Tracheopathia osteoplastica (TPO) is a disease of the trachea that is not well recognized and under diagnosed. We present a case of TPO with the novel treatment of tracheal stent placement under flexible bronchoscopy.
A 65-year-old Caucasian male presented with persistent cough and progressive dyspnea over 10 months. He reported decreased exercise tolerance but denied orthopnea, chest pain, pleuritic pain, weight loss and other constitutional symptoms. He took multiple courses of antibiotics for intermittent fever and purulent sputum. Past medical history included rheumatic fever, asbestos pleural plaques, chronic bronchitis, and moderate copd after a 60 pack-year tobacco history. He had no family history of pulmonary disease. He has no known drug allergies. Medications included prednisone 5mg, guaifenex, albuterol and atrovent nebulizer therapy, and flovent. Physical examination revealed a healthy male. Blood pressure was 137/75, pulse of 87, respiratory rate of 24, and oxygen saturation of 97% on 2L nasal cannula. His lungs had coarse breath sounds with good air movement, no audible stridor, normal inspiratory to expiratory ratio. He had neither clubbing nor peripheral edema. The remainder of his exam was normal. Laboratory data noted normal blood work. Pulmonary function tests demonstrated an FEV1=1.8, FVC=4.0 with ratio of 46%, TLC=8.1 (128%), DLCO=14 (66%) and normal flow-volume loops. Chest CT revealed tracheomalacia. Sputum cultures were negative. However, flexible bronchoscopy revealed marked mid- to distal tracheal stenosis with nodules and cartilaginous tracheal ring hypertrophy, and fishmouthing of the right and left main ostia. Needle biopsies revealed cartilaginous hyperplasia.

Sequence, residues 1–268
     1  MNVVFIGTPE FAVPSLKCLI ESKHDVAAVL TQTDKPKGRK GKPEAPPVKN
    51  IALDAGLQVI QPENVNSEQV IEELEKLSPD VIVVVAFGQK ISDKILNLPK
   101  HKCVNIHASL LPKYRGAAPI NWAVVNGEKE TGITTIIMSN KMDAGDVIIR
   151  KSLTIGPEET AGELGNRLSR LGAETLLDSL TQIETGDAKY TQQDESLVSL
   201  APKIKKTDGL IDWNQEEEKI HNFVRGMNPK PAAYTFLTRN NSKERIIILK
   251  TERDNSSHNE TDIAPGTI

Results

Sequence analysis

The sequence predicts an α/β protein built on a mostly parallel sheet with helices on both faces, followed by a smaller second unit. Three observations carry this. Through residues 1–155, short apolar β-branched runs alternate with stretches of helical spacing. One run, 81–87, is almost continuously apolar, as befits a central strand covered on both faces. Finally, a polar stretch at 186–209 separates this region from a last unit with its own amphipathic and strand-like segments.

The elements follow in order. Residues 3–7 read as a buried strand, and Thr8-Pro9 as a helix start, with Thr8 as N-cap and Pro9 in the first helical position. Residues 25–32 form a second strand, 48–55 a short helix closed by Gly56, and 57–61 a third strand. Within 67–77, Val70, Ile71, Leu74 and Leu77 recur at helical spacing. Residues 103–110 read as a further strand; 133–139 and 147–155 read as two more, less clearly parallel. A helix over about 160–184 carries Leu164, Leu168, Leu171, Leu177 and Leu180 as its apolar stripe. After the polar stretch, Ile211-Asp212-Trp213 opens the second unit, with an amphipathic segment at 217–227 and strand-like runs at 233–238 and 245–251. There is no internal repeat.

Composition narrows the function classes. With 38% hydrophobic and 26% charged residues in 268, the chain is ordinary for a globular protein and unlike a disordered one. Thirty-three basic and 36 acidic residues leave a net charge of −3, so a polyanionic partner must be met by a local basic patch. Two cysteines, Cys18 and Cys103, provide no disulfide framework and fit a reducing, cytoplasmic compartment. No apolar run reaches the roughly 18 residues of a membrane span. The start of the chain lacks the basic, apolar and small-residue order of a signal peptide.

Differential diagnosis for tracheal stenosis includes malignancy (bronchogenic, laryngeal, esophageal and thyroid carcinomas, Hodgkin’s lymphoma), endotracheal intubation or tracheostomy removal, idiopathic laryngealtracheal stenosis, tuberculosis tracheobronchial stenosis, mucopolysaccharidoses, relapsing polychondritis, Sjogren’s syndrome, Wegener’s granulomatosis, tracheal amyloidosis, saber sheath trachea, and TPO. Pathologic results of cartilaginous hyperplasia established the diagnosis of TPO. TPO is a segmental, degenerative disorder of the tracheobronchial tree characterized by multiple submucosal cartilaginous and osseous nodules causing narrowing of the upper respiratory tract(1). TPO typically involves the first tracheal ring to the carina, but sparing the posterior wall. There is neither gender nor familial predominance. Etiology of TPO is unknown - theories range from elastic tissue neoplasia to chemical or mechanical irritation inciting cartilaginous and osseous metaplasia(2). As the disorder is chronic and often asymptomatic, estimates of incidence vary between 1/2000 bronchoscopies and 1/400 at autopsy(3). Symptoms include cough, dyspnea, chronic bronchitis, purulent sputum, hemoptysis and airway compromise(4). Abnormalities of pulmonary function tests depend on the degree of airway stenosis and can be misleadingly normal. Therefore, diagnosis is dependent on bronchoscopy and pathology. To date, no specific medical therapy is available, with the mainstay of treatment hydration, humidification, mucolytics, antibiotics and expectorants. Optimal management of airway compromise entails rigid bronchoscopy with dilation and removal of obstructing spurs. Use of laser therapy has shown mixed results(5,6). Complete segmental tracheal resection was reported as treatment in one case of massive TPO(7).
We report the first case of TPO treated successfully by tracheal and bronchial stenting with flexible bronchoscopy. At recent follow-up, our patient’s dyspnea remains resolved.
D.K. Loo, None.